“If you read books about wildlife photography, they tell you you have to hide yourself. I do it the completely opposite way. I want the animal to know I am there. I dress myself in red sometimes. I want to be completely visible. When I get something it’s because I have a relationship with them. It breaks down the barrier, and then I become invisible again. But they know I am there. I am invisible because they don’t care.”

Picture of an ermine in Gran Paradiso National Park, Italy
In cold weather, a normally reddish brown ermine changes into its white winter coat.

“It’s something you have to know how to do,” he continues, careful to highlight this method of approaching animals as part of an overall ethos—and a deep understanding of animal behavior—rather than simply a way to get a photograph. “The most important thing is to approach them in a way that you are not disturbing the animal, you are not consuming their energy, you are not feeding the animal, you are not touching them … This is the way I do it whenever I can, but this is not just with photography. This is the kind of relationship I want to have with other creatures, with my wife, with my friends.”

More of Stefano Unterthiner’s photographs of Gran Paradiso can be viewed here.

There are 21 Comments. Add Yours.

  1. cherie warner
    April 16, 2015

    very nice love animal pitcures

  2. Meenu Sharma
    March 18, 2015

    Pics are wonderful… I love fox eyes… eyes speaks….

  3. Linda
    March 16, 2015

    Wonderful article, beautiful photos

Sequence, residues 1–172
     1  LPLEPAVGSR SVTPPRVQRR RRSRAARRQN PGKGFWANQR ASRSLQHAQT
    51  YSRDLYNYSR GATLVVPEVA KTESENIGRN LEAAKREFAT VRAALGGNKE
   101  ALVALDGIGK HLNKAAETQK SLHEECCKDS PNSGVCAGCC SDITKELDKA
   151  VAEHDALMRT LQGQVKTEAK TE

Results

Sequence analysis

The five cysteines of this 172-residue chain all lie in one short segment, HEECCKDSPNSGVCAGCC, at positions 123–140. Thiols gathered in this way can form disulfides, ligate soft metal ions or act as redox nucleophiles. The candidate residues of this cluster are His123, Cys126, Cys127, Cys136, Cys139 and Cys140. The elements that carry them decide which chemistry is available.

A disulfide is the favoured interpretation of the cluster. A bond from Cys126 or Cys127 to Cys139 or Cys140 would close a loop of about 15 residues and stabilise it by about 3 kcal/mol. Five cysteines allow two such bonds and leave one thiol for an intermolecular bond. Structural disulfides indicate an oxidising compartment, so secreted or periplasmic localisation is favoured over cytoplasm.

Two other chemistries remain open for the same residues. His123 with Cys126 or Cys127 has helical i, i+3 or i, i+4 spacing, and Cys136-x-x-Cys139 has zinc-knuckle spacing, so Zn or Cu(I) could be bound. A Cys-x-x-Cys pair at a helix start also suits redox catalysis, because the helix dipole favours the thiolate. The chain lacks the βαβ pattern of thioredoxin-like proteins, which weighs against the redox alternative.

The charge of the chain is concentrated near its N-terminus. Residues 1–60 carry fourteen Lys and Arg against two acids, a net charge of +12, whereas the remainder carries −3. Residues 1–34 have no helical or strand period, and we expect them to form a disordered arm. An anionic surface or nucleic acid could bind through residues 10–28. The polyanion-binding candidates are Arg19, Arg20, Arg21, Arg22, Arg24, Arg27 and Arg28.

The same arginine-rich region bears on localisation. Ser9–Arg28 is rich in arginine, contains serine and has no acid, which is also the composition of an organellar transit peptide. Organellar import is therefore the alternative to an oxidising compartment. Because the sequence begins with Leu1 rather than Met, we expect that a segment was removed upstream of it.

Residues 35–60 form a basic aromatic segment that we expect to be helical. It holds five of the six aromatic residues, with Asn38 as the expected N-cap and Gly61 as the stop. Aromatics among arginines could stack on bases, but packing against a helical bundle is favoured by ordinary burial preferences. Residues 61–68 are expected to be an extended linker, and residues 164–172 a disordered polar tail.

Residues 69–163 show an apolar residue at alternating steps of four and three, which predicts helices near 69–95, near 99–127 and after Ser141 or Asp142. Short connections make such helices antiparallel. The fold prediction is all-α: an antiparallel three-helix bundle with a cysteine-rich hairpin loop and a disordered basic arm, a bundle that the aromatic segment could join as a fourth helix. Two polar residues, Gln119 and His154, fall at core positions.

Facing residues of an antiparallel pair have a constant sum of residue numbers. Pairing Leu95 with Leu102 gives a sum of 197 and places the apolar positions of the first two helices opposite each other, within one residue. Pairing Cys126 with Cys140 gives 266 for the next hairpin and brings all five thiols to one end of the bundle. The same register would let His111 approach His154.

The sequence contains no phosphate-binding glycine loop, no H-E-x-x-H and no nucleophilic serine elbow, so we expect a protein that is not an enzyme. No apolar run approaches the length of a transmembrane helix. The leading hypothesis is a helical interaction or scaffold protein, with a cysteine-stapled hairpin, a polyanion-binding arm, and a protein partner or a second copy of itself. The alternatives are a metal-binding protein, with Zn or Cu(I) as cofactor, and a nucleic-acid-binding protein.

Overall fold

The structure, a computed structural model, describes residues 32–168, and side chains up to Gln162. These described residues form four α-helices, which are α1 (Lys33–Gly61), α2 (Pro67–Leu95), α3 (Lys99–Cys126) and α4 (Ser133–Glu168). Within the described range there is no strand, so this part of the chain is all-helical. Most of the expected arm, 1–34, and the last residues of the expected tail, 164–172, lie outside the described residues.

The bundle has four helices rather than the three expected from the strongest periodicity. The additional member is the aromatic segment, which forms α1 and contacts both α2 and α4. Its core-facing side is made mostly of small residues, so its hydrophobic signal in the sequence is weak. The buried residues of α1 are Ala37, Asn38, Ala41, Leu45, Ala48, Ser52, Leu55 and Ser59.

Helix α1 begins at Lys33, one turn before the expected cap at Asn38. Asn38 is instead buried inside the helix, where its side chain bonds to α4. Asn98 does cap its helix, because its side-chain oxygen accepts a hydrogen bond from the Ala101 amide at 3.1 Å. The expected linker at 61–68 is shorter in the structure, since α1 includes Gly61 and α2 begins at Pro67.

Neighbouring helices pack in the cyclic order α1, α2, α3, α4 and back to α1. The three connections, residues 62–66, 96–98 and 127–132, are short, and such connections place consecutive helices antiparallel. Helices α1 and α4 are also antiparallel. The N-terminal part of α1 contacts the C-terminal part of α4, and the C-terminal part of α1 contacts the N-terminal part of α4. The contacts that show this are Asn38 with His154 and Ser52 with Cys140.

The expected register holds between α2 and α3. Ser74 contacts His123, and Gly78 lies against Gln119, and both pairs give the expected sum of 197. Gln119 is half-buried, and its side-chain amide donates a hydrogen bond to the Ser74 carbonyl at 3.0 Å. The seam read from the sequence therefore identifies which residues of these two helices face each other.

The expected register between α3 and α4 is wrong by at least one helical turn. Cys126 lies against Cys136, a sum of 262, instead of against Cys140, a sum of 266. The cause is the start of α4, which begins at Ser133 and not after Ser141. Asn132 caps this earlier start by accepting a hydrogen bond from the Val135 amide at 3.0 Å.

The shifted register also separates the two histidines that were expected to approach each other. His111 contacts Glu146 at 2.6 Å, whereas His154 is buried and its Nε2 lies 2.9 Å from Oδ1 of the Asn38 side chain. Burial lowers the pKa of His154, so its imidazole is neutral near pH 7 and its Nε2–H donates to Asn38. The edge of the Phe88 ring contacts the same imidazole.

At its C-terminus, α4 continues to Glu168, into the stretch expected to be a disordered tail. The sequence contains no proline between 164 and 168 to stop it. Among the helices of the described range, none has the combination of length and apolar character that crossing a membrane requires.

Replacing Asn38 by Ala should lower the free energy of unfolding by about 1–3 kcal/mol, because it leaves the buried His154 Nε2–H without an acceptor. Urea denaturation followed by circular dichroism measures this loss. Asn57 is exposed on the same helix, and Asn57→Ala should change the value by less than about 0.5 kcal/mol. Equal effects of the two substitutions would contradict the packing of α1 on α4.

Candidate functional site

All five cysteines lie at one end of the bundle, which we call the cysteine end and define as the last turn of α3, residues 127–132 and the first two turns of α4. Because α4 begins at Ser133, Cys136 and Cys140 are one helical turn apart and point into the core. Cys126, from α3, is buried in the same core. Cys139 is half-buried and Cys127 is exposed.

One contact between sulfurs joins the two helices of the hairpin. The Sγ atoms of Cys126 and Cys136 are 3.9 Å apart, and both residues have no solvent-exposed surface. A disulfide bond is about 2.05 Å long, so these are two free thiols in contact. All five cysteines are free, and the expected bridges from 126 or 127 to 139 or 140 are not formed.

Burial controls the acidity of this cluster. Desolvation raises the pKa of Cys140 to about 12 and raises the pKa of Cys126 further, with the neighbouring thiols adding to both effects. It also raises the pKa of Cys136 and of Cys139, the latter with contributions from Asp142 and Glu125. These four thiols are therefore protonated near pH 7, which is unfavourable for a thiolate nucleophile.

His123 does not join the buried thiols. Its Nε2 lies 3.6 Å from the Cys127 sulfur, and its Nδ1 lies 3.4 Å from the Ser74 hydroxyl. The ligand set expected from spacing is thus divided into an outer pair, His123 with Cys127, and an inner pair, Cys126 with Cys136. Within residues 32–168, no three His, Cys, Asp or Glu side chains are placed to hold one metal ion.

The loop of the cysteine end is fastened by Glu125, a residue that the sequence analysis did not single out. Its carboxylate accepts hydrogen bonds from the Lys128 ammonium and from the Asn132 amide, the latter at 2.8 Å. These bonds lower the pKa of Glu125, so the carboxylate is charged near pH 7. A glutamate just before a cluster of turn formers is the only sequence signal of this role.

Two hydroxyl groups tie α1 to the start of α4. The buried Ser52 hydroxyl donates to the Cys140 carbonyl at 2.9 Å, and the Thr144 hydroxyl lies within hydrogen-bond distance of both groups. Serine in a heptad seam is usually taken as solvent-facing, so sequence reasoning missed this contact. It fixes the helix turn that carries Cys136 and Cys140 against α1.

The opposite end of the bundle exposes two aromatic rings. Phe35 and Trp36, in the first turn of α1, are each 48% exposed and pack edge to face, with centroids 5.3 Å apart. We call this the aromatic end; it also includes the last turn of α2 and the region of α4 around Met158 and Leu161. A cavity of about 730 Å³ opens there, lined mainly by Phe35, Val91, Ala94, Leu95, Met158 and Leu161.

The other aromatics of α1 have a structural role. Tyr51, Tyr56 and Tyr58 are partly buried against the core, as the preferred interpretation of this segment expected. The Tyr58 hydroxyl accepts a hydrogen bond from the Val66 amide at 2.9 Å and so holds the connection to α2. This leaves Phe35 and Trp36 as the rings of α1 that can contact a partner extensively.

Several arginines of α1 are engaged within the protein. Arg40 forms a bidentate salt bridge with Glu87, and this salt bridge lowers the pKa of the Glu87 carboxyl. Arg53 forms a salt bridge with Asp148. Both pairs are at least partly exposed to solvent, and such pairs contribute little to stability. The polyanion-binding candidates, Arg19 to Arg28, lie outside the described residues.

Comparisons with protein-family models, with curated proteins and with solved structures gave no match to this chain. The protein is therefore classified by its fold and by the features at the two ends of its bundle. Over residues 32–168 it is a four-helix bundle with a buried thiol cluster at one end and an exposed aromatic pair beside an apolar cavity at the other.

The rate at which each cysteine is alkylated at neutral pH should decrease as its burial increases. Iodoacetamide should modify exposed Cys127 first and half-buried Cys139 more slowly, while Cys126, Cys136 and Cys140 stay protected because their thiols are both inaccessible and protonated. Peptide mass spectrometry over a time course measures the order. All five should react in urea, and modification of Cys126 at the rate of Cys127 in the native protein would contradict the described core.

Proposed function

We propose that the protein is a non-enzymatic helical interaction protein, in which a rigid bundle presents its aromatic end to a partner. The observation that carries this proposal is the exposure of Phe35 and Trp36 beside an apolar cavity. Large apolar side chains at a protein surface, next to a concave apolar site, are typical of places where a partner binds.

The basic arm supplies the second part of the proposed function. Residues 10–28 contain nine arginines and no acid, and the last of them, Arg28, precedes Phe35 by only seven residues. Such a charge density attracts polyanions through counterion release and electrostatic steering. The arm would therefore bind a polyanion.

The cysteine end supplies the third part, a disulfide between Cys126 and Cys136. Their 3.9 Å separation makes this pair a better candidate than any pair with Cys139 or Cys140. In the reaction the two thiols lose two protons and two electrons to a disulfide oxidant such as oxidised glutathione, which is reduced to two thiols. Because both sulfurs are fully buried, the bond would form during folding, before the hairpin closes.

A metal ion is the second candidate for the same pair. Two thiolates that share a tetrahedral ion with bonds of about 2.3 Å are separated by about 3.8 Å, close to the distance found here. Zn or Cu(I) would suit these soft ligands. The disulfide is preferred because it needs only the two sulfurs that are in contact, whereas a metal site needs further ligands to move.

4. barney
    March 15, 2015

    cool

  5. Marie Andrée
    March 10, 2015

    Absolutly breath taking pictures, Bravo

  6. prabin poudel
    March 4, 2015

    these pics are lovely. I could also snap the photographs of species like peacock,deer,etc residing in nearby forest but sadly i dont have a good camera.

  7. Atul
    February 26, 2015

    Beautiful shots & great story , I can relate to your caption ” When Your Backyard Is ‘Big Heaven,’ Love of Wildlife Is Second Nature”

  8. Becky Kauffman
    February 23, 2015

    Great Pics! Wish I had a backyard like that!

  9. Betty Collerson
    February 21, 2015

    Wonderful images, your love of nature shines through. How lucky to have had such a an amazing backyard.

  10. chandrasekaran
    February 20, 2015

    wonder of the outer photos

  11. Nicola booth
    February 15, 2015

    Just fantastic !!

  12. Martha Brinkmann
    February 12, 2015

    Such beautiful pictures. I feel as if I were there.

  13. Harlan
    February 12, 2015

    Simply Beautiful !
    the respect to animals and nature in general is really important !

  14. Rich Persoff
    February 12, 2015

    I appreciate your respect for what you photograph; you are not ‘taking’ photographs; you have the unforced permission of the subjects of your photographs.

  15. Dariusz
    February 11, 2015

    Beautiful story, amazing photos and very good work!

  16. Kim
    February 11, 2015

    I love this article….and such a wonderful ending “…approach them in a way that you are not disturbing the animal, you are not consuming their energy, you are not feeding the animal, you are not touching them … This is the way I do it whenever I can, but this is not just with photography. This is the kind of relationship I want to have with other creatures, with my wife, with my friends.”

  17. Shruthi V
    February 11, 2015

    Awesome clicks!! 🙂

  18. Apple
    February 11, 2015

    The foxes are so cute!

  19. Annarosa
    February 11, 2015

    I go hiking there as often as I can, since it’s not so far from home. You can see also marmots, who are so accustomed to seeing visitors that come so close you can feed them. It’s a real Great Paradise…

  20. Laileb Fang
    February 10, 2015

    I want to see the world through the magzine

  21. Remoteviewer009
    February 10, 2015

    Super cool! Nothing like being outdoors with wildlife.